This morning I was supposed to board a plane for South Florida. Nate, Sam and I were meeting Will there — since he had been on a business trip to NYC (crazy world tidbit: Will’s meeting was in the very building in Manhatten that my new nephew-in-law works in). Little Will wasn’t part of our plan because he’s on a training trip for his swim team. Obviously, we didn’t go to Florida and are praying for all those impacted by Hurrucsne Matthew. The numbers in Haiti are horrific — so much loss of life. It’s sobering to think we’ve been able to send people to the moon for nearly fifty years, but remain powerless in the face of a storm.
Today Sam watched Zootopia. The movie is about an idealistic young bunny who wants to change the world. She believes she can do anything! In the end, life teaches her that the world is more complicated than she’d hoped and that everyone has limitations. But she doesn’t give up. She doesn’t throw in the towel and resign herself to the cynicism so pervasive in her culture. She resolves to recognize limitations and do what she can.
It’s a good message. We live in a fallen world. But we are not to let ourselves become cynics. The little school, Lorien Wood, that my boys went to in Virginia introduced the Christian worldview by asking a series of questions. Oddly those questions tie in really well with Zootopia.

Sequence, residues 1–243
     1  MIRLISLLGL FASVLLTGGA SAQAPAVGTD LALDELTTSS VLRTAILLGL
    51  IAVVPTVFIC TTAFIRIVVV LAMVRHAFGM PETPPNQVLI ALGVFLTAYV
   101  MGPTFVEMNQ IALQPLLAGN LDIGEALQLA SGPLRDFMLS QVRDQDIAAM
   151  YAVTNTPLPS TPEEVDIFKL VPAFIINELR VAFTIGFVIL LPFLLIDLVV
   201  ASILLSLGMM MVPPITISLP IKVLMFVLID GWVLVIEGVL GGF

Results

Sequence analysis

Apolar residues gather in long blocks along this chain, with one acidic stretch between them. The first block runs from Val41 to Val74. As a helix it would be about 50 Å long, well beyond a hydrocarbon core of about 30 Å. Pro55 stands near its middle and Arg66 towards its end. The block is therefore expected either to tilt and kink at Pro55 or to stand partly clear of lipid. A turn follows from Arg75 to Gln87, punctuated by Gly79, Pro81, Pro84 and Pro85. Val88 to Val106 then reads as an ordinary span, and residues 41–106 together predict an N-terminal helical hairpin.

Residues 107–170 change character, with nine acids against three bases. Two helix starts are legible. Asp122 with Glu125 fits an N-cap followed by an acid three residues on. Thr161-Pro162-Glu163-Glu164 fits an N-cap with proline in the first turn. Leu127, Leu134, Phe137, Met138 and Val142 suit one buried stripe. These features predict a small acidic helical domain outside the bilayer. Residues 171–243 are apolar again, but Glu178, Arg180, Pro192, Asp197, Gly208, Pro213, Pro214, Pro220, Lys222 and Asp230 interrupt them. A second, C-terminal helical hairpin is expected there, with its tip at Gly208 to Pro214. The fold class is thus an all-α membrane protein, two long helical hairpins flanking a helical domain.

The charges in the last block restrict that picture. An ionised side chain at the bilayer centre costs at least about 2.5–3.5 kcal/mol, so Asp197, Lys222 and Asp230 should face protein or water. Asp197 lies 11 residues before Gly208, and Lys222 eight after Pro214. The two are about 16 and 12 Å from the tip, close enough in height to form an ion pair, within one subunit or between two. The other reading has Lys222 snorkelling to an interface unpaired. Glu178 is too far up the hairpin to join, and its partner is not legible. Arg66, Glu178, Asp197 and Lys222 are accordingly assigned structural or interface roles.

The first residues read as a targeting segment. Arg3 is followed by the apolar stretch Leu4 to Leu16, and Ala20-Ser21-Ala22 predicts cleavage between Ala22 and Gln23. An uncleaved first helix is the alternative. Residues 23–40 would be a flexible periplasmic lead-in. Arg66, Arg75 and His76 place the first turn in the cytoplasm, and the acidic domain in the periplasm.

Question 1: What was God’s intent? In other words what would perfection look like in that area? For animals, animated or otherwise, what would Zootopia be like?
Question 2: Where do we see evidence of The Fall? Or how is the brokenness of this world manifested in this particular area?
Question 3: Where do you see evidence of redemption? How is God’s original intent being restored?
Question 4: What is my role in this redemptive work?
Just like the feisty little bunny from the movie, we should recognize that our redemptive work will not bring about the Garden of Eden — we have limits. Yet that doesn’t mean we do not have important roles to play. We do!
It’s just like the Bible says — it always is, isn’t it?
“For we are Godʼs handiwork, created in Christ Jesus to do good works, which God prepared in advance for us to do.”
Ephesians 2:10 NIV
These words of Paul beg two questions: (1) What good works am I specifically created to do? and (2) Am I doing them?
I hope you’ll think and pray about these questions along with me in the coming days.
I love you,